P306 Efficacy and tolerance of sodium picosulfate preparation in bowel Magnetic Resonance Imaging in Crohn’s disease
Juif, L.(1);Calame, P.(1);Chausset, C.(1);Koch, S.(1);Briot, C.(2);De Billy, M.(1);Vuitton, L.(1);
(1)chru jean minjoz, Doubs, Besancon, France;(2)Ch Haute saone, Doubs, Besancon, France;
Polyethylene glycol (PEG) is one of the most commonly used bowel preparation for magnetic resonance imaging (MRI) in Crohn’s Disease (CD). Sodium picosulfate (Pico) is a low volume bowel preparation known for its efficacy and higher tolerability for colonoscopy. No study has to date evaluated tolerance and efficacy of Pico preparations for MRI in CD. Aim : To assess for the first time the efficacy and tolerance of Pico preparation compared to PEG preparation for bowel MRI in CD.
The study took place in a French university hospital. To assess the efficacy of low volume preparations compared to PEG, we selected consecutive bowel MRI from January to June, 2017 prepared with PEG formulas, and consecutive MRI from January 2020 to June 2020 prepared with low-volume Pico formula.The sample size was calculated to assess the non-inferiority of Pico preparation vs PEG. The efficacy endpoint was the quality of bowel distention on a 5 points scale and by visual analog scale (VAS) by two independent readers. To study Pico preparation tolerability, we performed a prospective survey in CD patients undergoing MRI from October 2020 to August 2021. Patients completed a self-administered validated questionnaire on tolerability and a VAS.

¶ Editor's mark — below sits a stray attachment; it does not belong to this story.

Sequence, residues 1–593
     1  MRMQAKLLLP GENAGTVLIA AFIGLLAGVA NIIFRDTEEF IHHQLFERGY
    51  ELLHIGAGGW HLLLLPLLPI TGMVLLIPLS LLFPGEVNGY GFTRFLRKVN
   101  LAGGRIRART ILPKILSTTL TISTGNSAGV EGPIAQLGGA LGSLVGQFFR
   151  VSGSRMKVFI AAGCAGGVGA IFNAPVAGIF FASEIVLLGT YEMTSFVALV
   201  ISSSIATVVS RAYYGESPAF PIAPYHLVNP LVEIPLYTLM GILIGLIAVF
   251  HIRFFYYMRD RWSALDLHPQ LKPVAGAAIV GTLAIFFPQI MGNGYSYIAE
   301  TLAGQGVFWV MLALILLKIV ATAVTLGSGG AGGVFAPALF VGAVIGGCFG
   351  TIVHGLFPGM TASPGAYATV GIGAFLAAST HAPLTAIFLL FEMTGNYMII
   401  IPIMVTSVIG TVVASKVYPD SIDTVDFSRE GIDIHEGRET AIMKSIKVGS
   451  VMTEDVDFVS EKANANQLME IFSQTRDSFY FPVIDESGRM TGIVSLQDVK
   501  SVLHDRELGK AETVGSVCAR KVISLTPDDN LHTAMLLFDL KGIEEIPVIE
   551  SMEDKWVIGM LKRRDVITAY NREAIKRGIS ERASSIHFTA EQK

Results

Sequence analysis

In the efficacy study,84 MRIs were analysed (42 in each PEG and Pico group). There was no significant difference between PEG and Pico preparation regarding jejunum and ileum distention on the 5 points quality scale. Moreover, we did not find significant difference between PEG and Pico regarding overall quality in the VAS (8.1 ± 1.4 in PEG group, vs 8.7 ± 1.2 in Pico group, by reader 1 (p= 0.125); 6.35 ± 1 in PEG group, 6.5 ± 1 in Pico group by reader 2 (p=0.298)) with a moderate but significant correlation rate between the two readers (r= 0.45; p<0.001). There was no significant difference regarding ileal diameter between the two preparations with a moderate correlation rate between the two readers (r=0.41; p<0.01). In the prospective study, 38 patients participated in the survey. The bowel preparation intake was completefor 94.7% of the patients. The mean tolerance was 6.84/10. Overall, 81.6% of patients were willing to take the same preparation again.
The study assessed Pico preparation non-inferiority to PEG preparation for small bowel MRI and confirmed low volume bowel preparations good tolerability profile. This suggests that low-volume preparations could be more widely implemented in clinical practice for small bowel imaging in chronic inflammatory bowel disease and thus improve follow-up acceptance.